~ Pablo Neruda

The rafters in Pablo Neruda’s studio, photographed by Milton Rogovin. This photo appears in Rogovin’s book, Windows That Open Inward (Rogovin, M., Maloney, D., Bly, R. and Neruda, P. 1985. Windows that open inward. Buffalo, N.Y.: White Pine Press).

THE NAMES by Pablo Neruda

I didn’t write them on the roofbeams because they
were famous, but because they were companions
     Rojas Giménez, the nomad, nocturnal, pierced with 
the grief of farewells, dead with joy pigeon breeder, madman 
of the shadows
     Joaquín Cifruntes, whose verses rolled like stones in 
the river.
     Fredrico, who made me laugh like no on else could 
and who put us all in mourning for a century.
     Paul Eluard, whose forget-me-not color eyes are as sky 
blue as always and retain their blue strength under the earth. 
     Miguel Hernándes, whistling to me like a nightingale 
from the trees on Princesa Street until they caged my 
     Nazim, noisy bard, brave gentleman, friend.
     Why did they leave so soon? Their names will not slip 
down from the rafters. Each one of them was a victory. 
Together they were the sum of my light. Now, a small 
anthology of my sorrow.

More: http://www.miltonrogovin.com/neruda.htmlhttp://en.m.wikipedia.org/wiki/Milton_Rogovinhttp://www.miltonrogovin.com/education/FullTeachersGuide.pdf

In this fantastic GoPro capture by Cristian Perrella, we see the crystal clear Lago del Matese in Caserta in the south of Italy.
Photo credit: Cristian Perrella via Twisted Sifter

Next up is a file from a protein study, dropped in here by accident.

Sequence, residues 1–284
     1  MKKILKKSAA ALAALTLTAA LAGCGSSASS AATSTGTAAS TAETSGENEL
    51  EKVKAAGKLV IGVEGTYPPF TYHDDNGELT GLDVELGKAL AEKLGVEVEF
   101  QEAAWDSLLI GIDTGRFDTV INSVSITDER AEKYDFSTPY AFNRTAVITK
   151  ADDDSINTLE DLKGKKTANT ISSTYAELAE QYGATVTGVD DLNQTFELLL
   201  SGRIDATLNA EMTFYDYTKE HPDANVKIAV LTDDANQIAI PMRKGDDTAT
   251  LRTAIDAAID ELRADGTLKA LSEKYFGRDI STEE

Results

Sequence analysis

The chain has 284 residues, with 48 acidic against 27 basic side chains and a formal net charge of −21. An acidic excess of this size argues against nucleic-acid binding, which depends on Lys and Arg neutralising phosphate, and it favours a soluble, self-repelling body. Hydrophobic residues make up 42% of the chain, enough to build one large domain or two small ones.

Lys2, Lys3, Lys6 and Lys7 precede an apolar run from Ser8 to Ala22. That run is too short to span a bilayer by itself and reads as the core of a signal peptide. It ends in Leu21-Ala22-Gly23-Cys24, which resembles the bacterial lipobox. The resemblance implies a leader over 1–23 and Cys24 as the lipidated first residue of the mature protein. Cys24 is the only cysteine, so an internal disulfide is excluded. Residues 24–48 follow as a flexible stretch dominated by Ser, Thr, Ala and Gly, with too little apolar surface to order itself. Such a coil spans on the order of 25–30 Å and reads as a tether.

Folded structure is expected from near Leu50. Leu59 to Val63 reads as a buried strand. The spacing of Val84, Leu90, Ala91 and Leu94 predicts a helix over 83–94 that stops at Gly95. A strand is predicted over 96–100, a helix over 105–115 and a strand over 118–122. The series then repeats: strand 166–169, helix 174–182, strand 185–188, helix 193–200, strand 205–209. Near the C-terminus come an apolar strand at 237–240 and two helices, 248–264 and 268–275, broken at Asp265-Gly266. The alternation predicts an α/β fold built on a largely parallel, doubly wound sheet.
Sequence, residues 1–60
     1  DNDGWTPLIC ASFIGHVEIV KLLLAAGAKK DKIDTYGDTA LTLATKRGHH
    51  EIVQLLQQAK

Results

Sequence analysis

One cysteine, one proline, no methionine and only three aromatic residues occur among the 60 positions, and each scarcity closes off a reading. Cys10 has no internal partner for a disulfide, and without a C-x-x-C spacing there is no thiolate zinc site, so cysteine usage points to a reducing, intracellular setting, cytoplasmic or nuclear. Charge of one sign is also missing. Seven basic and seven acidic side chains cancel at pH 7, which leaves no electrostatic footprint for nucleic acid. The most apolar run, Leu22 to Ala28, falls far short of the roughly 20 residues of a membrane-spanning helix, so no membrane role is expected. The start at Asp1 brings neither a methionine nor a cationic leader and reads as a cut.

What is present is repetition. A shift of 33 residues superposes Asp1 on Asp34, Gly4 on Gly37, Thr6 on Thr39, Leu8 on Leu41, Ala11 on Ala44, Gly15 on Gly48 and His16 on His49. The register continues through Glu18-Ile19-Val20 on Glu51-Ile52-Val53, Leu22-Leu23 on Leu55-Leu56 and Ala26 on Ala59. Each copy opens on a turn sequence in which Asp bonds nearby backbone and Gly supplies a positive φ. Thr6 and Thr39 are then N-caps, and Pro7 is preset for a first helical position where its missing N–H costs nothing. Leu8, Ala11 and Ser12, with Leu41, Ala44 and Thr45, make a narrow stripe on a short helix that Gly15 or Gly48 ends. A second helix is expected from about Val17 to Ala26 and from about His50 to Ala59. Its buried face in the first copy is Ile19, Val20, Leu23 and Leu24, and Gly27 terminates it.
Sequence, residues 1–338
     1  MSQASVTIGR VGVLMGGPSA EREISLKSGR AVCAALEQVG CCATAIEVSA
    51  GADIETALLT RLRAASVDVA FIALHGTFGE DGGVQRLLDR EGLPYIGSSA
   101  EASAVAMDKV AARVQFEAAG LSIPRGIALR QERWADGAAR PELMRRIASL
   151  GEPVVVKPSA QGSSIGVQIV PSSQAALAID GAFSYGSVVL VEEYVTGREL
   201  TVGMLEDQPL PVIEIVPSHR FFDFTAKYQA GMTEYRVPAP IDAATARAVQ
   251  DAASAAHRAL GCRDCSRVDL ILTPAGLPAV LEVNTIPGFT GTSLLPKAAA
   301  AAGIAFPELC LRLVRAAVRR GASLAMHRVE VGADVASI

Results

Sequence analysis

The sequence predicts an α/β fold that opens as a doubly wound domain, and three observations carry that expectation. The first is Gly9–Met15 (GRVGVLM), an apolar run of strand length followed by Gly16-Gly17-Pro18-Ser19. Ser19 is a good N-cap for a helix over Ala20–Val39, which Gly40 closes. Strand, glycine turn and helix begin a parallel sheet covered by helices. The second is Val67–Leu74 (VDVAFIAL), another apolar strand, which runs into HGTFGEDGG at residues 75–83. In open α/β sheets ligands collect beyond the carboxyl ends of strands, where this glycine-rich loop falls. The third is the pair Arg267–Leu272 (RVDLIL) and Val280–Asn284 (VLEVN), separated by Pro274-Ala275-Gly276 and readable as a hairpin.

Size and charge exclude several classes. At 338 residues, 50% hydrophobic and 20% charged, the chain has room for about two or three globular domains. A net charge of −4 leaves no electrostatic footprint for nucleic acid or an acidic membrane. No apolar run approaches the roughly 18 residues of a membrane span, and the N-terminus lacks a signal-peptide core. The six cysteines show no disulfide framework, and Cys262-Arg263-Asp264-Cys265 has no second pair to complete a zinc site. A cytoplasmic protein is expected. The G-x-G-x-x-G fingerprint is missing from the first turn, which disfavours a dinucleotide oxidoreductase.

Zac Posen Resort 2015


That’s one steep hill in SF. San Francisco, CA

fav city in the world

As a veterinarian who specializes in behavioral medicine, Dr. Vint Virga has treated many household pets in his clinic. But for the past five years he has been working mostly with leopards, wolves, bears, zebras and other animals living in zoos and wildlife parks. He deals with such issues as appetites, anxiety and obsessive behavior.
In the interview he discusses how zoos have changed to improve the animals’ well being:

"I think the most important things that zoos have done in the past 10, 20 years, is that they [have] focused primarily on the animal’s well-being. And, depending on their feedback and responses, looked at their behavior, looked at their overall happiness and contentment and used that as the gauge for what to do for the animal.
They’ve also applied as much [as] science knows about the animals in nature. What that looks like is providing them with a space that’s a lot more rich and full than just a place that is an exhibit. So it’s really shifting from not a cage, because most zoos don’t even have those anymore, but from an exhibit to a habitat. The environment is much richer and more complex rather than flat and uniform, so that we can see them.
[Zoos are] providing [animals with] opportunities to escape from view of the public — and that can be difficult for a zoo. … Visitors complain to the zoo if they can’t see the leopard, the bear or the lion. But on the other hand, if the lion doesn’t have any choice of getting away from the public at times, particularly if there [are] crowds or noisy visitors, then we’re taking away their sense of control over their environment.”